The big thing is with /DEFAULTLIB:MSVCRT(D). When you run a C/C++ application, before it gets to the main function (main, wman, WinMain, wWinMain) it has to initialise things first. This means that the function that a C/C++ application starts off in isn't one of these. (Other languages have their own implementation details, but they are in a similar situation.)

    The Microsoft PE header (this is the executable format) has a field which tells Windows where to start running the application from, this is the entry point of the executable. The linker controls this, however it can be overridden with the /ENTRY linker option.

    If you read this then you will notice that it names 5 function names. mainCRTStartum, wmainCRTStartup and so on. These are the Microsoft provided entry point functions that do the initialisation for the application (this does things like initialises global variables and the like) and then calls the main function. This is where MSVCRT.lib comes in as important for the entry point. If you run:

    C:\Program Files (x86)\Microsoft Visual Studio\2019\Preview\VC\Tools\MSVC\14.23.28105\lib\x86>dumpbin /symbols msvcrt.lib | find "CRTStartup"
    084 00000000 SECT1F notype ()    External     | _wWinMainCRTStartup
    085 00000000 SECT1F notype ()    External     | _wmainCRTStartup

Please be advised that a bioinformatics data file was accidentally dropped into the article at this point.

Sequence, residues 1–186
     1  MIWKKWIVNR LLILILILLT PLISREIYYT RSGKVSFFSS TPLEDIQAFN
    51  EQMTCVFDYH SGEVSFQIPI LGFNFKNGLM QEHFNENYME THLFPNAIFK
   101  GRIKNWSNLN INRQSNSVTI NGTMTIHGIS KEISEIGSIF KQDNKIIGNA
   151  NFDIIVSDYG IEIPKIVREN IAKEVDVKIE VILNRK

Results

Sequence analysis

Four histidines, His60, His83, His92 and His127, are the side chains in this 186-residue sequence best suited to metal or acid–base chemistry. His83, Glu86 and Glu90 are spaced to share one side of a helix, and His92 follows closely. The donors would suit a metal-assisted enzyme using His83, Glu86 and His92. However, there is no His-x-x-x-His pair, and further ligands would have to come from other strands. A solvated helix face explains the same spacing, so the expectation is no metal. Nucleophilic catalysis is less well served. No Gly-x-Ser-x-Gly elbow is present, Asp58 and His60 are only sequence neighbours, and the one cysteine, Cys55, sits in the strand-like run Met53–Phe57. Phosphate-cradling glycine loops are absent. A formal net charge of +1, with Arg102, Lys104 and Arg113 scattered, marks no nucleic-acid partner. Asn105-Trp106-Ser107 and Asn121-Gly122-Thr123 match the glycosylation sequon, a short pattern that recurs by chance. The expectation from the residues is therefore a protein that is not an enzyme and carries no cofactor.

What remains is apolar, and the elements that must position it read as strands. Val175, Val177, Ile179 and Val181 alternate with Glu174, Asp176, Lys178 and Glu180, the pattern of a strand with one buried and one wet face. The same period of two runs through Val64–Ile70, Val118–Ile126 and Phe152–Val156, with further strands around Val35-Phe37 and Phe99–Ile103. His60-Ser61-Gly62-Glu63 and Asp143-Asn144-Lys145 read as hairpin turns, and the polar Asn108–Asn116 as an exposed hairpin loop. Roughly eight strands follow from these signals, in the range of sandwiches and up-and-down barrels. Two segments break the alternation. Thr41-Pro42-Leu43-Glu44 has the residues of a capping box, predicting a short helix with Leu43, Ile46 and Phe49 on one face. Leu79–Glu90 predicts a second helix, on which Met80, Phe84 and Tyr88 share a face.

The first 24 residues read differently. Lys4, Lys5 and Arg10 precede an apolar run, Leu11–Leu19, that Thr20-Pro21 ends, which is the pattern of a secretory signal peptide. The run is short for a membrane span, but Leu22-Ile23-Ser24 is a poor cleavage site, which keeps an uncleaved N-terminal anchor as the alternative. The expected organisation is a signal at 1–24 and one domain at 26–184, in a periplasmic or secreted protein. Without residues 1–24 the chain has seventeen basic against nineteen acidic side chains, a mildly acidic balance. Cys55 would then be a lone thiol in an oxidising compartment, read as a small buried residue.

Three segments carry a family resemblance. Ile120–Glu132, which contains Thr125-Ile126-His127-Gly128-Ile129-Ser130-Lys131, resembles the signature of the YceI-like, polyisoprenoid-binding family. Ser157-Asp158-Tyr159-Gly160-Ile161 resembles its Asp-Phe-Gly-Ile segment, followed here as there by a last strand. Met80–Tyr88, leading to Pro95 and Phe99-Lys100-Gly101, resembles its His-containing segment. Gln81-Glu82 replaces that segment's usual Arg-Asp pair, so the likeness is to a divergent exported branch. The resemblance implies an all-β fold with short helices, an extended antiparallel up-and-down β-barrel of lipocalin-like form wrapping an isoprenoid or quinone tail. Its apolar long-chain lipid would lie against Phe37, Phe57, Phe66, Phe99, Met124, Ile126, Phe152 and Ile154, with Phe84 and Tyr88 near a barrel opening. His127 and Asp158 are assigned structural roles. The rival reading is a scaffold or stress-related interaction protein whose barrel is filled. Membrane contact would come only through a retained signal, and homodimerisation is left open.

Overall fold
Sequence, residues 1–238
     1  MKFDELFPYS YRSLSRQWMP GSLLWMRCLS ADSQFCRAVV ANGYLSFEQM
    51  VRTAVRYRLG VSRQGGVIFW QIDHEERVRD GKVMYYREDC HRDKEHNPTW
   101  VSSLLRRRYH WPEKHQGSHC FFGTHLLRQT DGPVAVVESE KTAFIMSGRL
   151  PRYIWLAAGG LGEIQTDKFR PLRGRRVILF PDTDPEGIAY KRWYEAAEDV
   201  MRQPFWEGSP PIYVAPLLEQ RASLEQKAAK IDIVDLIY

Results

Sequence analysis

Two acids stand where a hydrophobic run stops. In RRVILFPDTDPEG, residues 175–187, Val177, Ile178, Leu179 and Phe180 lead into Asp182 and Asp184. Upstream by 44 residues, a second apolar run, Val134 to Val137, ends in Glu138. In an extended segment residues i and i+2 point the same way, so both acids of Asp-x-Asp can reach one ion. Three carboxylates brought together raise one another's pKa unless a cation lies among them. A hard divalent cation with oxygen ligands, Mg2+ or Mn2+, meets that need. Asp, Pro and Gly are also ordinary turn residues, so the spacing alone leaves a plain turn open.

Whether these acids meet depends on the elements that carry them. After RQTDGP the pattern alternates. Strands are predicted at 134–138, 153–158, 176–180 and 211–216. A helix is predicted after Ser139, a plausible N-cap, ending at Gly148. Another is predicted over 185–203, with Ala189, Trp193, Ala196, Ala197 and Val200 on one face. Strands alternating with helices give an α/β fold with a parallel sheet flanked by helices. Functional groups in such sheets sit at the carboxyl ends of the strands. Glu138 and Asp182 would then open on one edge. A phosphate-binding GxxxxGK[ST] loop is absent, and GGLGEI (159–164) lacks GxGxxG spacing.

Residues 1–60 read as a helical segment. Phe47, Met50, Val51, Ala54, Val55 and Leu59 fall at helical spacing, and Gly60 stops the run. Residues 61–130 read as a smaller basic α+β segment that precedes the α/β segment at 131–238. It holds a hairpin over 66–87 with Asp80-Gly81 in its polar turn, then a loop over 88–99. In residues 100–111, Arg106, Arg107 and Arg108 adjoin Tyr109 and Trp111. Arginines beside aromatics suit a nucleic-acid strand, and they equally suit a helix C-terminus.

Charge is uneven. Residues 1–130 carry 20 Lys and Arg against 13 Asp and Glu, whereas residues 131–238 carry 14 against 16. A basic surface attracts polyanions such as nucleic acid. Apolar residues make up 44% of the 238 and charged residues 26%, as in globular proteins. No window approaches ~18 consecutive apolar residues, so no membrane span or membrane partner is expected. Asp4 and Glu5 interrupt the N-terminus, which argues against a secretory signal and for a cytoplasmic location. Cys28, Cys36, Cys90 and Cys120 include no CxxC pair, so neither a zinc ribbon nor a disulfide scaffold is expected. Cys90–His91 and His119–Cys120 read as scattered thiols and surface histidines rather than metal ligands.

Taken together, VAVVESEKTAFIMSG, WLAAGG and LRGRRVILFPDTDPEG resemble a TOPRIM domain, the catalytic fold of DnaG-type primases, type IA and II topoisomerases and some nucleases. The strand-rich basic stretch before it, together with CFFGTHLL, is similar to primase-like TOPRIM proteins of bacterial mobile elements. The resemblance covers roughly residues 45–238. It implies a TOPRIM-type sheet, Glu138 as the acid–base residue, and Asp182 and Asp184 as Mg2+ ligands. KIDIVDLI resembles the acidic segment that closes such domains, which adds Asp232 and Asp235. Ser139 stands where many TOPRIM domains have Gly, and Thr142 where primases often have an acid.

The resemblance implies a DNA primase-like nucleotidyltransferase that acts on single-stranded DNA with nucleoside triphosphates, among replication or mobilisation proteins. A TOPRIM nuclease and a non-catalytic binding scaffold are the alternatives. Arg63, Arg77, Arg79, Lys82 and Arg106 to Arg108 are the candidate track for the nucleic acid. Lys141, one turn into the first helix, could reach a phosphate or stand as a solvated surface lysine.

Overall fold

084 00000000 SECT1F notype ()    External     | _WinMainCRTStartup
    085 00000000 SECT1F notype ()    External     | _mainCRTStartup
    04A 00000000 SECT14 notype ()    External     | __DllMainCRTStartup@12

    Notice how it lists the 5 function names that the linker's /ENTRY documentation listed (with the extra _ since this is the x86 version of the library.) As a note, I used the x86 version because there are extra symbols that clutter things up in the x64 library.

    Anyway, the linker has to get the startup code from somewhere, and MSVCRT.lib is where it gets it.

    But why does this expand to 3 libraries in Visual Studio 2017? Well technically it expands to 3 libraries from Visual Studio 2015 and newer. This was first announced back in 2014 in a blog post. The Visual C++ runtime first started off as a mix of three things, the C Runtime, the Visual C++ runtime and the Visual C++ startup code.

    The importance of this shouldn't be underestimated, this included the startup code, which was used to get the application running, the C Runtime, which contained functions like strcpy, and the Visual C++ runtime, which contained the exception handling code, operator new, operator delete and some other things. Because of issues, this went through several iterations.

    First this library was called MSVCRT.dll, you can still find this as a library in the Windows directory. But this was a bad idea due to DLL hell. From Visual Studio .NET onwards these were versioned (msvcr80.dll, msvcr90.dll as examples). However this still had issues. So Microsoft finally decided to split out MSVCRT into the individual components and have the CRT become part of Windows itself.